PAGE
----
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Catholic Review of: God Alone Suffices

Item Details

Author:  Slawomir Biela

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This item received 5 stars overall. (09/07/2009)

Orthodoxy: Completely orthodox.
Reading Level: Advanced

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Synopsis

In What Do You Place Your Trust?

Evaluator Comments

In A Nutshell

St. Paul reminds us, "What do you have that has not been given to you?" (1 Cor. 4:7). A thorough and humble meditation on this rhetorical question is the beginning of true spiritual poverty. God Alone Suffices is one such meditation. This careful meditation considers the various goods that we possess, from the material benefits we enjoy to the spiritual graces we treasure, and reminds us that all these things are given to us by God for the sake of leading us to Himself. God does not desire that we place our trust in the gifts He gives, but in Himself. For this reason, the Christian must cultivate a certain detachment from all other goods and persons. Such detachment is by no means easy and requires a careful examination of our lives and all our attachments. God Alone Suffices, with its extensive consideration, is a useful aid to making this worthwhile examination.  
 
Content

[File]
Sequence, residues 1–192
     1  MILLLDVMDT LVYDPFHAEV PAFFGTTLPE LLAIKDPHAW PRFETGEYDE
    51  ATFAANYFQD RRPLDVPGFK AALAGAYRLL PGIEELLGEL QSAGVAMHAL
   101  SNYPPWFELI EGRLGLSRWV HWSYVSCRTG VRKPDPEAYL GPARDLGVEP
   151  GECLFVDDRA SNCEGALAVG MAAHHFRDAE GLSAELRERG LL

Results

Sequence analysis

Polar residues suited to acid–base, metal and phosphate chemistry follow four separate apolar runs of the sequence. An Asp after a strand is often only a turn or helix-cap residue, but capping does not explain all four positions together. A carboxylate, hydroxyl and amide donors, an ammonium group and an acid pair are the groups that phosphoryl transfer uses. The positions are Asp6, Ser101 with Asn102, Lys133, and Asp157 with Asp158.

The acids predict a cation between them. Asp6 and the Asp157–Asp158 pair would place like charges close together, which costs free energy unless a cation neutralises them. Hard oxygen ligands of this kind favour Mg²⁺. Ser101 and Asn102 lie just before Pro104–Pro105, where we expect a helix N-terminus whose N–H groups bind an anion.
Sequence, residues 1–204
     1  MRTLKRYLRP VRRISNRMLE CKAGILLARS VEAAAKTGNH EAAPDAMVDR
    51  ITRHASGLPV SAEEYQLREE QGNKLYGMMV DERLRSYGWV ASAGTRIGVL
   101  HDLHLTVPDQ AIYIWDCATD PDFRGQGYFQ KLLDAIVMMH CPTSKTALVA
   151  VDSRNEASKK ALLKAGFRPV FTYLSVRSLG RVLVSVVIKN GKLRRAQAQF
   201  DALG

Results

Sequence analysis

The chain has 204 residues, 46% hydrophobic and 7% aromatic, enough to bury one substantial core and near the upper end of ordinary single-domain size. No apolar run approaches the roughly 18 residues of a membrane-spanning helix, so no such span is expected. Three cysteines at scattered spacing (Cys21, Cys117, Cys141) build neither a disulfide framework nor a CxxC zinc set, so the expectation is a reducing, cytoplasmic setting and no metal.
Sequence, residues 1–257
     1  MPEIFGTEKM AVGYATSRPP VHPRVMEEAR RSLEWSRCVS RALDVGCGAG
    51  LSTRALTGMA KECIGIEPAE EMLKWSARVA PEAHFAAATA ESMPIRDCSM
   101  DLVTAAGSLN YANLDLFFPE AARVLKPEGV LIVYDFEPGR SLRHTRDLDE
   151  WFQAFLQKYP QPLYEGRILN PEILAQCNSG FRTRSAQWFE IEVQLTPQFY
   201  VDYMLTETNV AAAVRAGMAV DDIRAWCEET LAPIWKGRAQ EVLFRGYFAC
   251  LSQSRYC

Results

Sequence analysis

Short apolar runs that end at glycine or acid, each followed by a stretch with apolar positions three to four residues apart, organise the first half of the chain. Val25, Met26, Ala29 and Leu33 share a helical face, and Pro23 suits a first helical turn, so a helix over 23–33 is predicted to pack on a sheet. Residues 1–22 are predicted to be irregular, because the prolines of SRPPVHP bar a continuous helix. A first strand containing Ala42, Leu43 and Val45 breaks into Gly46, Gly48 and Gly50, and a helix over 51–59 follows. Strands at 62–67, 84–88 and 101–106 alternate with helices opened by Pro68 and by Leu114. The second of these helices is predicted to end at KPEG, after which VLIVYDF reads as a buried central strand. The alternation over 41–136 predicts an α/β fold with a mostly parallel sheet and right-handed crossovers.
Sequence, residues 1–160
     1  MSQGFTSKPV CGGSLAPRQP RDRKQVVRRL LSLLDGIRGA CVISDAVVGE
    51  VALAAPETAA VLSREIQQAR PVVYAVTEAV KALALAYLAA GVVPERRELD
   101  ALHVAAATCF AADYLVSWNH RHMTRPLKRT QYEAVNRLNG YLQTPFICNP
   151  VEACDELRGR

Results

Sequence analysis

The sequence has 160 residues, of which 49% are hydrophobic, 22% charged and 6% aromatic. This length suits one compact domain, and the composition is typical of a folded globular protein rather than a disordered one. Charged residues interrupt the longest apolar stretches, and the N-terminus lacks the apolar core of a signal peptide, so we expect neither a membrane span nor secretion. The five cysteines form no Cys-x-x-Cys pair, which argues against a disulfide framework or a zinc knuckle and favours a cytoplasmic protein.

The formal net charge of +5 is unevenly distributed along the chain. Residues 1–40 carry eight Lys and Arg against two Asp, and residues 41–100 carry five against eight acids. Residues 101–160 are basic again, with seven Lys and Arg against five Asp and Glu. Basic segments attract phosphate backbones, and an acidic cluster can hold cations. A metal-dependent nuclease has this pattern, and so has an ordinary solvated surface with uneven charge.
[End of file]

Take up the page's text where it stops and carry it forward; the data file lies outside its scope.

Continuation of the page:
In the introduction, the author, Slawomir Biela, asks the reader to consider, "In what or in whom do I place my trust?" The Christian answer should be God alone, but so many of us seek security in money, success, family, or other gifts of God. As God alone provides for us, Biela contends that to rely on these things apart from Him is equivalent to living a life of illusion.

The first half of the book considers the human tendency to become excessively attached to material things and persons. The author considers excessive attachments to success, money, friends, spouses, and family. The second half of the book considers excessive attachments to spiritual goods and the dangers of relying upon oneself to live a life of grace. Throughout the book, there are frequent references to St. John of the Cross, whose writings detail the process of purification whereby we are freed from all excessive attachments. Also, Biela makes use of the writings of St. Teresa of Avila, St. Therese of Lisieux, St. Thomas Aquinas, and many other reliable spiritual sources.  
 
Form

God Alone Suffices was translated into English. Perhaps it is the translation that is poor, but throughout this book words are used oddly and sentences are constructed in awkward ways. Transition words and phrases are numerous and often misplaced or otherwise misused. It is unfortunate, but the writing is so poor that it is often difficult to grasp the author's meaning. The poor English makes this edition of God Alone Suffices difficult to read.  
 
Evaluator Comments

It is unfortunate that the writing and/or translation of this work is so poor, as it offers an important meditation. Despite the poor presentation, I recommend this book.

You can purchase this book here.
 

 


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